Paleonet: PRI to honor John Pojeta, Jr., at GSA
Paula M. Mikkelsen
pmm37 at cornell.edu
Fri Oct 22 19:30:29 GMT 2010
The Gilbert Harris Award is presented annually by Paleontological Research Institution in recognition of career excellence in systematic paleontology. It is named after the founder of PRI, Gilbert Dennison Harris (1864-1952), whose commitment to systematic paleontology was legendary. The recipient is a scientist who, through outstanding research and commitment to the centrality of systematics in paleontology, has made a significant contribution to the science. PRI is pleased to announce that this year's recipient is John Pojeta, Jr., of the United States Geological Survey at the Smithsonian's National Museum of Natural History in Washington, DC.
John's distinguished career with USGS spanned more than 30 years, from 1963 to 1994. He served as Chief, Branch of Paleontology and Stratigraphy, from 1989 to 1994, and as Chairman, USGS Geological Names Committee, from 1990 to 1994. John remains active in research as a USGS Emeritus Scientist and as a Research Associate in the Department of Paleobiology, a post that he has held since 1969. In reviewing John's career, one is struck by the centrality of systematic paleontology in his accomplishments. Among them, we note especially:
1) Identification of new taxa and clarification of established ones;
2) Curation of fossils at the National Museum of Natural History;
3) Mentoring of students visiting the Paleobiology Division of the museum interested in paleontology [and even moreso if there were even a glimmer of curiosity about pelecypods (bivalves), but not to the exclusion of other mollusks such as chitons]; and
4) Application of systemic paleontology to projects assessing the validity of ideas on accreted terranes, and correlation of economically important formations.
Among his nearly 100 publications, there are myriad illustrations of how his systematic work in paleontology has informed the fields of geology and paleobiology.
John's main research interests are Lower Paleozoic mollusks. Although now retired, John volunteers assistance for USGS and for other scientists, using fossils (pelecypods in particular) to help solve geological and biological problems. His research interests both before and following retirement have taken him to much of the United States, Antarctica, Australia, Canada, China, Czech Republic, Senegal, Sweden, and the UK. Taxonomy, morphology, ontogeny, variation, phylogeny, and ecology of early pelecypod faunas, especially comparison of these forms to Recent pelecypod faunas, still dominate his research as do more general issues in paleoecology and biostratigraphy. His publication record shows an exceptional breadth of interests and approaches, both geographically and among molluscan groups. John has served the community as an active member and officer of several societies, especially The Paleontological Society and American Malacological Society, and has been a Trustee of PRI (since 1976), President of the Board of Trustees (1980-1982), and this year notably celebrates his 50th anniversary as a member of PRI. John enjoys the singular distinction of having had a significant geographic feature named for him: Pojeta Peak, in the Ellsworth Mountains of Antarctica. John and his wife Mary Lou reside (appropriately) in Rockville, Maryland.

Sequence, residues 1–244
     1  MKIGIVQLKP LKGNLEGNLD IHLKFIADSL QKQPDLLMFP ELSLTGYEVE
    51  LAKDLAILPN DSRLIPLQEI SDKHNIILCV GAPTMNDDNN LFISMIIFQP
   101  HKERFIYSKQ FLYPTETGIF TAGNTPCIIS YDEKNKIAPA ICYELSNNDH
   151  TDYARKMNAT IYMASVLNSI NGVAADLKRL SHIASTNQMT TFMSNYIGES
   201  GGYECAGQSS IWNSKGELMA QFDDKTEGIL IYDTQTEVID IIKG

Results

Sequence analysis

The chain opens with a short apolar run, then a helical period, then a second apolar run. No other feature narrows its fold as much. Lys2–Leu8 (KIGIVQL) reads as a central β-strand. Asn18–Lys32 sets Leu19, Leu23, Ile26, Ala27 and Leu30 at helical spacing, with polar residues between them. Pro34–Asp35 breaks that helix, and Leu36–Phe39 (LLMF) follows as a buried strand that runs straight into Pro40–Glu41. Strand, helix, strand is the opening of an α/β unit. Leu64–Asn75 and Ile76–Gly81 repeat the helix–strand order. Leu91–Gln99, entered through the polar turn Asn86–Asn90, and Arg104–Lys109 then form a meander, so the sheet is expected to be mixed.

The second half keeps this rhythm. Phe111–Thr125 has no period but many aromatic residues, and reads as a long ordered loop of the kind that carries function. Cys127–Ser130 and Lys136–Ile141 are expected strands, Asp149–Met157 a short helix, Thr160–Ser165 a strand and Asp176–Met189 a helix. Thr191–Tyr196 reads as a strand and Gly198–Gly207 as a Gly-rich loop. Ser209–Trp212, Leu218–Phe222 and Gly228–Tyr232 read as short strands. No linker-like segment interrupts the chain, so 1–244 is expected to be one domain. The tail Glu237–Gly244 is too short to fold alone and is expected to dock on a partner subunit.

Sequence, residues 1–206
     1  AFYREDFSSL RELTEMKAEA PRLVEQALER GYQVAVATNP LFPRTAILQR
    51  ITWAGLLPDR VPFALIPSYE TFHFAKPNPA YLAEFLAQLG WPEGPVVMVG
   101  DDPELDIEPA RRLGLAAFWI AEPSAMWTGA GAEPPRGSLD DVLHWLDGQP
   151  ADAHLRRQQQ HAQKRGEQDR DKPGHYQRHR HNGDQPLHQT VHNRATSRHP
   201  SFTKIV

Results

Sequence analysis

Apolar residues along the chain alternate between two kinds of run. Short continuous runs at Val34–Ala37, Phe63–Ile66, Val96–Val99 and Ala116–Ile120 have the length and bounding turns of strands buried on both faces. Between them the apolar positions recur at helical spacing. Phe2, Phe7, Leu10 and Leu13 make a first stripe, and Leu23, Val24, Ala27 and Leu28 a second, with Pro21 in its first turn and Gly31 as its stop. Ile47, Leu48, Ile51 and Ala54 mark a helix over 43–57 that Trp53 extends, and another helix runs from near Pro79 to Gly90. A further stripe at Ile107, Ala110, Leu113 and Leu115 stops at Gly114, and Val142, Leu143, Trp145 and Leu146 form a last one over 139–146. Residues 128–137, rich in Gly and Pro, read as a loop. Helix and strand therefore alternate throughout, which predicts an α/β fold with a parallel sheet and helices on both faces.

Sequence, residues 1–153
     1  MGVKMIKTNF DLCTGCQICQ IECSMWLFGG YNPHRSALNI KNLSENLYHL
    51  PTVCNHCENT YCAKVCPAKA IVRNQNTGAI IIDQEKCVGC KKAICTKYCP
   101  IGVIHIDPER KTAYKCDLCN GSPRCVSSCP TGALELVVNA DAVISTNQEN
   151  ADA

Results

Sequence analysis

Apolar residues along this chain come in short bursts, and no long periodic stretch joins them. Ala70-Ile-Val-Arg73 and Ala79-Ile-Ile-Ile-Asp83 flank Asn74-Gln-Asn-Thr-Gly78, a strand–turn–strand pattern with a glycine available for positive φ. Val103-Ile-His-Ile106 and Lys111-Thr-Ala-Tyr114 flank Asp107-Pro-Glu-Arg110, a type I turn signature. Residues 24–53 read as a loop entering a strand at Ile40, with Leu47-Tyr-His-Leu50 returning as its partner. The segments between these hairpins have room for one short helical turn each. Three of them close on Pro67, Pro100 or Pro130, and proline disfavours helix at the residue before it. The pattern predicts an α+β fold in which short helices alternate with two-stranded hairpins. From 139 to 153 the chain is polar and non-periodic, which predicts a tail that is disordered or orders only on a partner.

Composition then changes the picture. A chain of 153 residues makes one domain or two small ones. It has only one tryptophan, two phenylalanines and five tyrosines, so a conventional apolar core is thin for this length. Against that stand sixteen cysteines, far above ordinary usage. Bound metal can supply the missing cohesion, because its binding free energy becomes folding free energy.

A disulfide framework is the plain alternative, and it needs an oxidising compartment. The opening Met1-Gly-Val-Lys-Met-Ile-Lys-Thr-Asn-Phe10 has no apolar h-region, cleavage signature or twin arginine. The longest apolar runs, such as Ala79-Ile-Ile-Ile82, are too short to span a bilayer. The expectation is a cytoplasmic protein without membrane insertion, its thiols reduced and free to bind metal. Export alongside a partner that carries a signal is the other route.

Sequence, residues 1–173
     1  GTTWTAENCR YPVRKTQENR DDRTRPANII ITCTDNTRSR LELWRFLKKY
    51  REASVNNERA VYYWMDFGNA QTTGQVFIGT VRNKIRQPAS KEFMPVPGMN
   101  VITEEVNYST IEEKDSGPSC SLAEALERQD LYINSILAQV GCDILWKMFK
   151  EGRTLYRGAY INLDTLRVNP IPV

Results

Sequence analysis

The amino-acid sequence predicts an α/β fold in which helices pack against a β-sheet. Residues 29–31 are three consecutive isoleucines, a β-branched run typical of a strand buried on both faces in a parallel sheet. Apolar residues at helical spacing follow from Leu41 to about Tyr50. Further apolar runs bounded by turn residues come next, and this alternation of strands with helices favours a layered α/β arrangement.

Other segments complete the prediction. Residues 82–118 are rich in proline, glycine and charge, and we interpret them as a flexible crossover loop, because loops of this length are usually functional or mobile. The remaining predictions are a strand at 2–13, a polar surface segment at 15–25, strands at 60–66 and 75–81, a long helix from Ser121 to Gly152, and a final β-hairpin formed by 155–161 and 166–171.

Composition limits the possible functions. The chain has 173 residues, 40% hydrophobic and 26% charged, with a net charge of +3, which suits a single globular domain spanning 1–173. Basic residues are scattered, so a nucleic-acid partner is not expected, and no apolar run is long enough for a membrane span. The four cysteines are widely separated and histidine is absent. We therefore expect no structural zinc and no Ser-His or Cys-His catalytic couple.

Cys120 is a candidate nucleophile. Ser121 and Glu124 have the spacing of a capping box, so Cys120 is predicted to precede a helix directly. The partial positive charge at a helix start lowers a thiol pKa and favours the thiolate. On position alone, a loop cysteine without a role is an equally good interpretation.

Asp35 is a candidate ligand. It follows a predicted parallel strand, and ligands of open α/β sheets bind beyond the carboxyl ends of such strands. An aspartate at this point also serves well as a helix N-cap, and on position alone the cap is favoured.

It is with pleasure and honor that the Paleontological Research Institution presents its 2010 Gilbert Harris Award to Dr. John Pojeta Jr.
Please join us at 5:30 pm on Monday November 1st at the Grand Hyatt Denver to present this award to Dr. Pojeta. We will also take this opportunity to celebrate the life of our late friend and colleague, Dr. J. Thomas Dutro, Jr.
Paula M. Mikkelsen, Ph.D.
Associate Director for Science
and Director of Publications
Visiting Fellow, Department of Ecology & Evolutionary Biology, Cornell University
Paleontological Research Institution
1259 Trumansburg Road
Ithaca, NY 14850
Tel. (607) 273-6623, ext. 20
Fax (607) 273-6620
email pmm37 at cornell.edu<mailto:pmm37 at cornell.edu>
"No passion in the world is equal to the passion to alter someone else's draft." -H. G. Wells
See "Seashells of Southern Florida: Living Marine Mollusks of the Florida Keys and Adjacent Regions: Bivalves," http://press.princeton.edu/titles/8484.html
On Exhibit at Museum of the Earth:
"Science on the Half Shell: How and Why We Study Evolution" September 24, 2010 - January 17, 2011 With support from the National Science Foundation and Maxie's Supper Club.
Mon. - Sat. 10 am - 5pm and Sun. 11 am - 5 pm. Closed Tuesday and Wednesday (Labor Day - Memorial Day).
Visit us on the web at www.museumoftheearth.org<file:///C:\Users\pmikkelsen\AppData\Roaming\Microsoft\Signatures\www.museumoftheearth.org>. PRI and its Museum of the Earth are part of Ithaca's Discovery Trail. Learn more at www.discoverytrail.com<file:///C:\Users\pmikkelsen\AppData\Roaming\Microsoft\Signatures\www.discoverytrail.com>.
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